Antibiotic-resistant infections annually claim hundreds of thousands of lives worldwide. This problem is exacerbated by exchange of resistance genes between pathogens and benign microbes from diverse habitats. Mapping resistance gene dissemination between humans and their environment is a public health priority. Here we characterized the bacterial community structure and resistance exchange networks of hundreds of interconnected human faecal and environmental samples from two low-income Latin American communities. We found that resistomes across habitats are generally structured by bacterial phylogeny along ecological gradients, but identified key resistance genes that cross habitat boundaries and determined their association with mobile genetic elements. We also assessed the effectiveness of widely used excreta management strategies in reducing faecal bacteria and resistance genes in these settings representative of low- and middle-income countries. Our results lay the foundation for quantitative risk assessment and surveillance of resistance gene dissemination across interconnected habitats in settings representing over two-thirds of the world’s population.

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We thank the residents of our study communities in El Salvador and Peru for their generosity and trust, without which this study would not have been possible; Epilogos Charities Inc. for on-site logistical support and community networking; the Fundación Luis Edmundo Vásquez (FUNDALEV), Universidad Dr. José Matías Delgado, Asociación Benéfica Prisma, and Universidad Peruana Cayetano Heredia for logistical support in the collection and shipment of samples; S. del Pilar Basilio at SEDAPAL in Lima for facilitating access and sample collection at the ‘PTAR San Juan’ WWTP; J. Hoisington-Lopez at the Center for Genome Sciences and Systems Biology and staff at the Genome Technology Access Center at Washington University School of Medicine for generating Illumina sequencing data; S. Alvarez and staff at the Proteomics & Mass Spectrometry Facility at the Donald Danforth Plant Science Center for mass-spectrometry analyses of water samples; and members of the Dantas laboratory for discussions of the results and analyses. This work is supported in part by awards to G.D. through the Edward Mallinckrodt, Jr. Foundation (Scholar Award), the Children’s Discovery Institute (MD-II-2011-117), and the National Institute of General Medical Sciences of the National Institutes of Health (R01-GM099538). Work at the DDPSC was supported by the National Science Foundation (DBI-0521250) for acquisition of the QTRAP LC-MS/MS instrument. E.C.P. is funded by the Department of Defense (DoD) through the National Defense Science and Engineering Graduate (NDSEG) Fellowship. The content is solely the responsibility of the authors and does not necessarily represent the official views of the funding agencies.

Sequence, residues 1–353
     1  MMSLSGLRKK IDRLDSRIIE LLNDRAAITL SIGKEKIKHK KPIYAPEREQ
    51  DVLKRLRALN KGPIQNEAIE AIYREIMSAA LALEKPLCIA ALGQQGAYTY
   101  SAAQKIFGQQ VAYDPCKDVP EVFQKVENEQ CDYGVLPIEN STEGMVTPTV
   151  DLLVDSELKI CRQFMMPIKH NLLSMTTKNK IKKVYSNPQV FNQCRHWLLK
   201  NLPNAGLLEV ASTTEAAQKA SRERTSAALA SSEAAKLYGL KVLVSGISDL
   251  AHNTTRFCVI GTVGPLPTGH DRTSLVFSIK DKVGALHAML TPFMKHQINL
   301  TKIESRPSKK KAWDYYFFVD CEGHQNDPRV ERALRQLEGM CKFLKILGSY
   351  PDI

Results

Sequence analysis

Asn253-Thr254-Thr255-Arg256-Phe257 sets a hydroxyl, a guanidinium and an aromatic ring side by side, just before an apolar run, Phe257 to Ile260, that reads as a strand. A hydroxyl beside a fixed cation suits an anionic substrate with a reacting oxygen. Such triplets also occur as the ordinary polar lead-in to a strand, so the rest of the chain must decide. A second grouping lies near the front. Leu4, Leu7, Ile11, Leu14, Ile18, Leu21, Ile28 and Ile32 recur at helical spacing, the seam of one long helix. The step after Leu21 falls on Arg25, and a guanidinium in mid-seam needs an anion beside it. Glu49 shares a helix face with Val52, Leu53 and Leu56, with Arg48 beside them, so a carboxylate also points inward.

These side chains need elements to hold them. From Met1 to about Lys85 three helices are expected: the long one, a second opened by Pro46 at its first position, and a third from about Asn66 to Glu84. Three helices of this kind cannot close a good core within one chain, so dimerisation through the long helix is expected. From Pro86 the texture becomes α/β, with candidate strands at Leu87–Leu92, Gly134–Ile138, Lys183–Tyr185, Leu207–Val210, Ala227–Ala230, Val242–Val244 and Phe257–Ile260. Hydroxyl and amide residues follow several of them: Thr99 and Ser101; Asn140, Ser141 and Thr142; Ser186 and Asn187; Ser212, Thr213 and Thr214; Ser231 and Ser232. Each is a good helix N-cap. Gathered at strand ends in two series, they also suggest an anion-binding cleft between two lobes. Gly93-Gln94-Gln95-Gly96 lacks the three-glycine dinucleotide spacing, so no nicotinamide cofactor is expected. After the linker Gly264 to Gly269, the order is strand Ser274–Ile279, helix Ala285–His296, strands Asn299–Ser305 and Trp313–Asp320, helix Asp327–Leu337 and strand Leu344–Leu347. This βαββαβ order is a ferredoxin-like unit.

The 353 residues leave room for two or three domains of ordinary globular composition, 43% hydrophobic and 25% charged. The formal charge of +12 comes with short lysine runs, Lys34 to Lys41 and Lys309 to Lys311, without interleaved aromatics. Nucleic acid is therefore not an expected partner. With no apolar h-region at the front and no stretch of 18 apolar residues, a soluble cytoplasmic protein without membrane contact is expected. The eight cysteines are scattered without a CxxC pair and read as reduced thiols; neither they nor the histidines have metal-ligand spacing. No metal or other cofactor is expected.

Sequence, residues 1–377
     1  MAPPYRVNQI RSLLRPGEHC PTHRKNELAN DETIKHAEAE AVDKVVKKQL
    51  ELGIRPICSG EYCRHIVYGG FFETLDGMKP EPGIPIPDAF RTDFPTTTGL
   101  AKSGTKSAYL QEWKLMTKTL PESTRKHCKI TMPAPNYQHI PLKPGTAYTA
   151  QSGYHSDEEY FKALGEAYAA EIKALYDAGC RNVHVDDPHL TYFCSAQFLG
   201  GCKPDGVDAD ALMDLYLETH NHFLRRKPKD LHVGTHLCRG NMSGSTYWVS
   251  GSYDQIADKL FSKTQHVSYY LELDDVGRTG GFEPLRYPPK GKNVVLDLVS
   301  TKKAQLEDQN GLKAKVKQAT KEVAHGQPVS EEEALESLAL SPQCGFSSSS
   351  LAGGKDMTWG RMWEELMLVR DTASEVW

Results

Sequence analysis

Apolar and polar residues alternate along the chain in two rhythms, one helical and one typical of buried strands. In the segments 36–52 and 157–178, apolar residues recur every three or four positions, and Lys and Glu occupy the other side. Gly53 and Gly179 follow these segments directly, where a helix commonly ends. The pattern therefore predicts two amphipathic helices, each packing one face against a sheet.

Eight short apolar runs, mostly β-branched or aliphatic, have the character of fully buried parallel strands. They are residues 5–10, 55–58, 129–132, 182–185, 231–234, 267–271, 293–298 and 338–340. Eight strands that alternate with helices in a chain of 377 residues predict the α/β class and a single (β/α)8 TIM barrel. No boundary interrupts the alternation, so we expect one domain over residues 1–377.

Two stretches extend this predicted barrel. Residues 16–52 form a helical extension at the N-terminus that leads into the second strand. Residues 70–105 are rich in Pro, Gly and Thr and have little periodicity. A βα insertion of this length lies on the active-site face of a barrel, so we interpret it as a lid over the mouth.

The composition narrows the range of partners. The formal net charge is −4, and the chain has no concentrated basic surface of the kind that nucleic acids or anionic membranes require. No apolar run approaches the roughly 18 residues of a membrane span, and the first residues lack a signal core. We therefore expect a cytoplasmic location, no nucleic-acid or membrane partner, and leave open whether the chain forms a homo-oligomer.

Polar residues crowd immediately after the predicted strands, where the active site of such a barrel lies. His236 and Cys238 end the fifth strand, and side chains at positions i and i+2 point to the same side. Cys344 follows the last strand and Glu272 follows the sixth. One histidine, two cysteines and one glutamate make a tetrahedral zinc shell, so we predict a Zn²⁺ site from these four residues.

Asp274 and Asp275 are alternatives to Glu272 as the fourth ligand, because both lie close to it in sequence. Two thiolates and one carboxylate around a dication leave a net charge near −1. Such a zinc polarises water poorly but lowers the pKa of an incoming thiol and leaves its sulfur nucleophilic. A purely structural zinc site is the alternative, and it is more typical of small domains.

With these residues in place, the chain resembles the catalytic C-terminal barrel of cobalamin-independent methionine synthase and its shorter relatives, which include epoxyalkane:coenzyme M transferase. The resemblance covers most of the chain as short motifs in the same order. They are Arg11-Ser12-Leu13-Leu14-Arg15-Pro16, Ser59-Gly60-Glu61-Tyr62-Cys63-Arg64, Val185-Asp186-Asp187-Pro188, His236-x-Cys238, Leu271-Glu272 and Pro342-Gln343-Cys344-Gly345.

Author information

Author notes

    • Erica C. Pehrsson
    •  & Pablo Tsukayama

    These authors contributed equally to this work.


  1. Center for Genome Sciences and Systems Biology, Washington University School of Medicine, St Louis, Missouri 63110, USA

    • Erica C. Pehrsson
    • , Pablo Tsukayama
    • , Sanket Patel
    • , Melissa Mejía-Bautista
    • , Giordano Sosa-Soto
    •  & Gautam Dantas
  2. Department of Pathology and Immunology, Washington University School of Medicine, St Louis, Missouri 63110, USA

    • Sanket Patel
    •  & Gautam Dantas
  3. Facultad de Ciencias de la Salud “Dr. Luis Edmundo Vásquez”, Universidad Dr. José Matías Delgado, El Salvador

    • Melissa Mejía-Bautista
    • , Giordano Sosa-Soto
    • , Karla M. Navarrete
    • , William Hoyos-Arango
    •  & M. Teresita Bertoli
  4. Laboratorios de Investigación y Desarrollo, Universidad Peruana Cayetano Heredia, San Martin de Porres, Lima 31, Peru

    • Maritza Calderon
    •  & Robert H. Gilman
  5. Asociacion Benéfica PRISMA, San Miguel, Lima 32, Peru

    • Lilia Cabrera
    •  & Robert H. Gilman
  6. Department of Molecular Microbiology, Washington University School of Medicine, St Louis, Missouri 63110, USA

    • Douglas E. Berg
    •  & Gautam Dantas
  7. Department of Medicine, University of California San Diego, La Jolla, California 92093, USA

    • Douglas E. Berg
  8. Department of International Health, Johns Hopkins School of Public Health, Baltimore, Maryland 21205, USA

    • Robert H. Gilman
  9. Department of Biomedical Engineering, Washington University, St Louis, Missouri 63105, USA

    • Gautam Dantas


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D.E.B., G.D., M.T.B., and E.C.P. planned the RES study; D.E.B., G.D., R.H.G., and P.T. planned the PST study; M.T.B. and W.H.A. implemented the RES study approval in El Salvador; E.C.P. implemented the RES study approval in the USA; R.H.G. and L.C. implemented the PST study approval in Peru; P.T. implemented the PST study approval in the USA; M.T.B., W.H.A., K.M.N., M.M.B., G.S.S., and E.C.P. collected surveys and samples in RES; P.T., M.C., and L.C. collected samples in PST; E.C.P., M.M.B., G.S.S., and S.P. extracted DNA and generated 16S, functional metagenomic, and shotgun data for RES samples; P.T. and S.P. extracted DNA and generated 16S, functional metagenomic, and shotgun data for PST samples; E.C.P. and P.T. performed analyses and interpreted results; and E.C.P., P.T., and G.D. wrote the paper with input from other co-authors.

Competing interests

The authors declare no competing financial interests.

Corresponding author

Correspondence to Gautam Dantas.

Assembled functional metagenomic contigs and 16S and shotgun metagenomic reads have been deposited to NCBI GenBank and SRA (PRJNA300541).

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